While it might only be a few inches from end to end, the lock on your front door is arguably the most important security feature in your entire home.
Locks come in several varieties, each with their own strengths and weaknesses. One you’ve probably heard about is the mortice lock. These earned their name thanks to the pocket (or mortice) that the bolt slots into, which is cut into the internal face of the doorframe. When the bolt is in the mortice, the door is unable to move, and so is locked.
Let’s take a look at how mortice locks work, and whether one would be a good fit for your front door.
A mortice lock relies on a relatively large mechanism, which slots into the interior of the door. This means that the door in question must be of a certain thickness, in order to accommodate the lock.
Inside this mechanism is a space for the bolt to retreat into, as well as a series of parallel levers which are attached to the rear of the bolt via a small piece of metal called a bolt-stop.
The cut of the key is designed to match the levers on the interior of the matching lock. If the right key is used, then all of the levers align, and the whole mechanism can be rotated to withdraw and extend the bolt. If the wrong key is used, the key either won’t fit into the lock, or it won’t catch all of the levers in the right way.
A mortice lock will also incorporate several other components. These include the strike plate, and a piece of metal surrounding the mortice. This ensures that the bolt slots straight in, rather than scuffing against the surrounding wood.
There’s also the faceplate, which is often a separate piece of metal that attaches to the door, facing the strike plate. Finally, the escutcheon plates sit around the handle to preserve the look of the door. It serves no function beyond aesthetics.
What Type of Doors are Mortice Locks For?
Mortice locks are primarily found on external doors. They can, however, also be used on internal doors to control who has access to certain parts of the house. You might do this if, for example, you’re running a bed-and-breakfast, or you’d like to keep garage doors under lock and key for security reasons.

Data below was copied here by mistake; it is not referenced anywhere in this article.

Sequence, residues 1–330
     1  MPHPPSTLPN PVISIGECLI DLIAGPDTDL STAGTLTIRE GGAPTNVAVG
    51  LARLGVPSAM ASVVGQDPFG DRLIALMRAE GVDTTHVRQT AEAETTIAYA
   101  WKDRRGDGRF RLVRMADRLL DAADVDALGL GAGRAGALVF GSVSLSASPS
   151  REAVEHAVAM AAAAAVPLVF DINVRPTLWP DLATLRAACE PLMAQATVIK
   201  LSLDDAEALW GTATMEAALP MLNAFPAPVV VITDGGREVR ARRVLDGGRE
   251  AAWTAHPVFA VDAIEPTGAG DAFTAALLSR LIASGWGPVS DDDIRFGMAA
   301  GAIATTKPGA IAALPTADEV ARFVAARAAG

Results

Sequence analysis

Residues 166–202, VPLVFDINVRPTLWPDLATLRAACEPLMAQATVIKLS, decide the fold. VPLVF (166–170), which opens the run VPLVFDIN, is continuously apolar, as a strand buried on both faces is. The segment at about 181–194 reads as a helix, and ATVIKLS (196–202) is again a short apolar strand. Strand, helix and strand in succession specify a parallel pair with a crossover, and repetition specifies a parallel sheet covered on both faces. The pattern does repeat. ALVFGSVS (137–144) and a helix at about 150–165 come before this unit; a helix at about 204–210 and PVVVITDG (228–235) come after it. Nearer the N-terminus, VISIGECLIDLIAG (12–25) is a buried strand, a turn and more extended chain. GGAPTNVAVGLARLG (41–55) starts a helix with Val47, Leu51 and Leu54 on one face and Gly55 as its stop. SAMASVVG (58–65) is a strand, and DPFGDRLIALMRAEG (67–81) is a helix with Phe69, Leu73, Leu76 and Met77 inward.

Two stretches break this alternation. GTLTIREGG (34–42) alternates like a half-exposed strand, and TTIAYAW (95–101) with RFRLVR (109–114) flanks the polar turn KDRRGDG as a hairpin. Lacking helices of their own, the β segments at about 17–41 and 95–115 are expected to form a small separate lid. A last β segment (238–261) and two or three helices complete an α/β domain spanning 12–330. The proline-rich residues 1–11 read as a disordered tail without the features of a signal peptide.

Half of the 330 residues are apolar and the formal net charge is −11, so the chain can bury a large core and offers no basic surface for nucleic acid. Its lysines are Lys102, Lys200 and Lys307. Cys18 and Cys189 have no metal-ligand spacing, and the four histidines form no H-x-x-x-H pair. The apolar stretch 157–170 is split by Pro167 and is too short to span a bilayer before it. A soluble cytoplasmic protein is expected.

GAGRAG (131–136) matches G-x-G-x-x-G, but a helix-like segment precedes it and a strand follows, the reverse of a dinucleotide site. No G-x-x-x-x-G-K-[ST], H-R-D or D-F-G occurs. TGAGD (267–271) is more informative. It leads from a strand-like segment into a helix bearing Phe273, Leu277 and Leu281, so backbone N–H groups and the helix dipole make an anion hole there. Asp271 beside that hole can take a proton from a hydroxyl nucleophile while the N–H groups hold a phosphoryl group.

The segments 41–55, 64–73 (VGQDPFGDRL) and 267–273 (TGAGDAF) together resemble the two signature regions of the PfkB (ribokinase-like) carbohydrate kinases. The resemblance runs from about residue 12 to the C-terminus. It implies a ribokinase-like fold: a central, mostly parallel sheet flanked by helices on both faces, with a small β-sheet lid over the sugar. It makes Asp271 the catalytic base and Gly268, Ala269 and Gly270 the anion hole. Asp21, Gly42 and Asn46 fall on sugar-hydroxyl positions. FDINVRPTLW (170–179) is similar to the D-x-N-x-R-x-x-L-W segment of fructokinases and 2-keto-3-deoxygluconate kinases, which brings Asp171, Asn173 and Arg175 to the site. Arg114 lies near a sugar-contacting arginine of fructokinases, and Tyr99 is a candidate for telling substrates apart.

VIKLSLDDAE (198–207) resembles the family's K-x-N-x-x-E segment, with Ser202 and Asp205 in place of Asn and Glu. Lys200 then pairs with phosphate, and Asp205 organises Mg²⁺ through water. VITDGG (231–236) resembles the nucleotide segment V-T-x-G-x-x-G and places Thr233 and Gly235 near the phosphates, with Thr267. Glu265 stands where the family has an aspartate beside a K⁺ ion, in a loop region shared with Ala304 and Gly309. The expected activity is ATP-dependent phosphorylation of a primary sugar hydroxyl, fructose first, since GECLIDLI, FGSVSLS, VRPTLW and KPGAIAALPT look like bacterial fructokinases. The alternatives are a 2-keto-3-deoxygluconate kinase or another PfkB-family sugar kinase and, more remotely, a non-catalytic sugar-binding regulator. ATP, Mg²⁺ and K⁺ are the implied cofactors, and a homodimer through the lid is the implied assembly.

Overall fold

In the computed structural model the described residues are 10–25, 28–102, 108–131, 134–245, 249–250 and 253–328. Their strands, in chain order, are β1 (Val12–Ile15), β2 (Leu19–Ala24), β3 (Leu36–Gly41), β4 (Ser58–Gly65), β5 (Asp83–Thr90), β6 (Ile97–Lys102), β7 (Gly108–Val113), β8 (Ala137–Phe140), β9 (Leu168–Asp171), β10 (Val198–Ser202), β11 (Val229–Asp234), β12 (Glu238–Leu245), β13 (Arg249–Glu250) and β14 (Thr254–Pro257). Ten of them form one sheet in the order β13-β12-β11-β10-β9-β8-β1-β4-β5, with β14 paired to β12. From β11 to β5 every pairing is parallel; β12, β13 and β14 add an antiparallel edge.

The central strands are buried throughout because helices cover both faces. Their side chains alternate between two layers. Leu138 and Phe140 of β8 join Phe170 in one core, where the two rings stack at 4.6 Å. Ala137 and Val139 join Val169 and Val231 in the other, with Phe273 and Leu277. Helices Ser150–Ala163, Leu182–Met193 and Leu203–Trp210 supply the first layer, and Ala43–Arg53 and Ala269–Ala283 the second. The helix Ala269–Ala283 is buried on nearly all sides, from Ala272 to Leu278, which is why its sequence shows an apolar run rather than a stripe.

What’s the Difference Between a Mortice Deadlock and a Mortice Sashlock?
Mortice locks come in a few different varieties, the most common being deadlocks and sashlocks.
Deadlocks are the simplest. They only have a keyhole, and a bolt that goes back and forth.
Sashlocks, on the other hand, feature a handle-operated latch mechanism. This means you can open and close the door without having to use the key, but can still lock the door when you leave the building.
Are Mortice Locks Secure?
Mortice locks are popular for a good reason – they offer excellent security and reliability. But some mortice locks are more secure than others. The more levers there are inside the mechanism, the more difficult the lock will be to pick. Those with five levers or more are generally considered to be the standard mortice lock for external doors – though three-lever locks are cheaper to produce and buy, making them a good choice for internal doors.
You can also buy seven-lever mortice locks, which are somewhat more secure than five-lever mortice locks.
The main thing to look for is a mortice lock that’s compliant with the BS3621 standard or above. This basically certifies that the lock is sturdy enough that it can’t be dismantled from the outside. Specifically, it should last for five minutes when a tester tries to drill or cut through the bolt, and the bolt will need to extend two centimetres into the mortice. Another thing to look for is the British Standard kitemark, which is the industry’s mark of quality.
The Metropolitan Police recommend combining a mortice deadlock with a double-locking nightlatch, so you have some redundancy when it comes to security. That way, if one device fails, you’ll have another to fall back on. Other police services offer similar advice.
Rear and patio doors are often targeted by thieves, as the intruder doesn’t have to try and gain entry in view of the street. These sorts of doors are generally supplied as a single unit that can’t be modified with additional locks. Modern patio doors are far more substantial than those of yesteryear, so if this is a concern, you might want to upgrade your French, sliding, or bi-fold doors.
So Should You Buy a Mortice Lock?
A mortice lock is a standard across the country, thanks to a robust and resilient design that’s stood the test of time. While the internal mechanisms will be of interest to engineers, most of us only think about our mortice locks when they stop working. Invest in one that’s of the required standard, however, and this is unlikely to happen!